Aptamers with protein-like side chains as a versatile tool for high-content proteomics

The power of measuring multiple proteins simultaneously

Proteins, encoded in 20,000 genes in humans, do much of the work in biology. Measuring proteins, which change in response to various perturbations and represent targets for almost all drugs, offers insights about the health status of an organism. Since proteins operate in complex networks rather than in isolation, measuring multiple proteins simultaneously offers richer insights compared to single protein measurements.

We have developed an affinity-reagent based method for highly multiplexed measurement of proteins in their native conformations in complex biological matrices. For this purpose, we use aptamers augmented with side chains that resemble amino acids overrepresented in protein-protein contacts, in conjunction with an assay that takes advantage of unique properties of these hybrid DNA-based affinity reagents. Being able to measure in excess of 10,000 proteins with high precision and sensitivity, we have gained insights into a variety of conditions including metabolic state, cardiovascular risk, glucose tolerance, and dementia risk. These reagents and assay represent versatile tools for multiple applications in biomedical research.

Nebojsa Janjic, PhD

Nebojsa Janjic, PhD

Chief Scientific Officer
Standard BioTools

Prior to joining Standard BioTools, Dr. Janjic was the Founder and CSO of Replidyne, Inc., a biotechnology company focusing on the development of novel small-molecule antibacterial agents. He currently serves as an advisor and Chairman of the Board of Crestone, Inc., the successor company of Replidyne. Prior to Replidyne, he was among the initial group of scientists to join NeXagen, which later became NeXstar Pharmaceuticals. As the Senior Director of Drug Discovery at NeXstar, he was responsible for creating a pipeline of aptamer-based drug candidates for pre-clinical and clinical development. His contributions included the discovery and early development of Macugen, a first-in-class, FDA-approved treatment for macular degeneration that was named Innovative Pharmaceutical Product of the Year in 2005.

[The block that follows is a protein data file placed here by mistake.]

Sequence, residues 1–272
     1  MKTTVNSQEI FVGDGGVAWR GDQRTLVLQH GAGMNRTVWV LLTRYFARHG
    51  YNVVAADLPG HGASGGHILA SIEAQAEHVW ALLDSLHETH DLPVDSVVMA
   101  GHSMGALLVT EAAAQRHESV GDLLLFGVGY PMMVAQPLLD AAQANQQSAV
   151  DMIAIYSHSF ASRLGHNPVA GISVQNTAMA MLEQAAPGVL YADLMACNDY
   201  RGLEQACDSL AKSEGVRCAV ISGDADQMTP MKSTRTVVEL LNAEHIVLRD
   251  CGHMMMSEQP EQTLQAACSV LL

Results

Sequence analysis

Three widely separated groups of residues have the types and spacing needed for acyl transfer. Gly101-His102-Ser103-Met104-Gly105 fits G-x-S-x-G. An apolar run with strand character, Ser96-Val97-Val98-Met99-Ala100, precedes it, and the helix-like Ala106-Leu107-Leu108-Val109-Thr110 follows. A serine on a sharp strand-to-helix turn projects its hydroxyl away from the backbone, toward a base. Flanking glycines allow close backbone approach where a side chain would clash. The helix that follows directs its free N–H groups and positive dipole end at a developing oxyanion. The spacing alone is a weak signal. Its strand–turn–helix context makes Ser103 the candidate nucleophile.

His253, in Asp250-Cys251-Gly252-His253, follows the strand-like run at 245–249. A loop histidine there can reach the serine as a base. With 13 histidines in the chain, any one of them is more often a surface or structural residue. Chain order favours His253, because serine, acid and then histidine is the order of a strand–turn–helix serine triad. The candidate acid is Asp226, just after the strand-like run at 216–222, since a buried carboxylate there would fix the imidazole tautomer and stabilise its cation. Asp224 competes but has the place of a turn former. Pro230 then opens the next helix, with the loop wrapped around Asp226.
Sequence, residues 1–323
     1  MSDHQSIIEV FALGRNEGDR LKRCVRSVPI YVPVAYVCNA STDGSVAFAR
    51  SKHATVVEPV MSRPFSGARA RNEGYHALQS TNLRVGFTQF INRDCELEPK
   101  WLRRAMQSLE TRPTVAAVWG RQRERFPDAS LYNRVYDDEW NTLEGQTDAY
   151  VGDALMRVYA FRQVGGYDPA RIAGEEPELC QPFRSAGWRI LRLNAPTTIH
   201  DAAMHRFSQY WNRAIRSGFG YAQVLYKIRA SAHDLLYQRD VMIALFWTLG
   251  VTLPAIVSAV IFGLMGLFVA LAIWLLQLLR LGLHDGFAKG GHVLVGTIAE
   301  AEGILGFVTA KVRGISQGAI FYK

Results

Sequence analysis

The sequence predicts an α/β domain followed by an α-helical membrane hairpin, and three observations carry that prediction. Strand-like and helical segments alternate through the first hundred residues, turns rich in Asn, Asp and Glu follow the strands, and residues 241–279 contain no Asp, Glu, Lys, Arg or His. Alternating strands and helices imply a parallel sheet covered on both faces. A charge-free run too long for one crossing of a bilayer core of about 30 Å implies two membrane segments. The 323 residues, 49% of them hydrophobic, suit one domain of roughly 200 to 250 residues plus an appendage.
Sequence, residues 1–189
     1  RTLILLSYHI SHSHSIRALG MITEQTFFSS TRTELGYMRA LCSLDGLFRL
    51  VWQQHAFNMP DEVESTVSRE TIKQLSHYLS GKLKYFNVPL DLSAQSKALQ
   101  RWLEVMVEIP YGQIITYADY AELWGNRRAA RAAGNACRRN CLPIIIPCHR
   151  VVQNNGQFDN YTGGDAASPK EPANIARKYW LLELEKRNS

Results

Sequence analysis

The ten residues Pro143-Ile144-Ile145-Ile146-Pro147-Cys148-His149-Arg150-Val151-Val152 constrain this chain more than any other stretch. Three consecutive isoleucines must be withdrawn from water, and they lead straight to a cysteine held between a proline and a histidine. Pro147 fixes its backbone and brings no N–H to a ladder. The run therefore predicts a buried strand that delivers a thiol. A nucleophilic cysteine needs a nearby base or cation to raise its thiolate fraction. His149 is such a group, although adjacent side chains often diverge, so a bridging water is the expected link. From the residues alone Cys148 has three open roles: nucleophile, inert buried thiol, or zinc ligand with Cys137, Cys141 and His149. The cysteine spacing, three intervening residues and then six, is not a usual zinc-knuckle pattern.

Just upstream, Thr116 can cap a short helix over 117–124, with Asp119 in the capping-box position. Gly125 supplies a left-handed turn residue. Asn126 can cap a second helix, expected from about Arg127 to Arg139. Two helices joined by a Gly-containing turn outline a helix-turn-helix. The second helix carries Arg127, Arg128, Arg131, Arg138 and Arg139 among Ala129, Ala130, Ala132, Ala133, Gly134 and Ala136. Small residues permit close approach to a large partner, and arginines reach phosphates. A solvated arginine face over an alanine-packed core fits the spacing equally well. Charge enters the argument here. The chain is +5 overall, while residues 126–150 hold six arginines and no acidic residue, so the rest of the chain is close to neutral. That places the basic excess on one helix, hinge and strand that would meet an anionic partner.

Dr. Janjic received his bachelor’s degree in molecular biology and doctorate in physical organic chemistry from the University of Washington in Seattle. He completed his postdoctoral training at the Scripps Research Institute in La Jolla as a Cancer Research Institute Fellow.

Aptamers with protein-like side chains as a versatile tool for high-content proteomics

A presentation by Nebojsa Janjic, PhD

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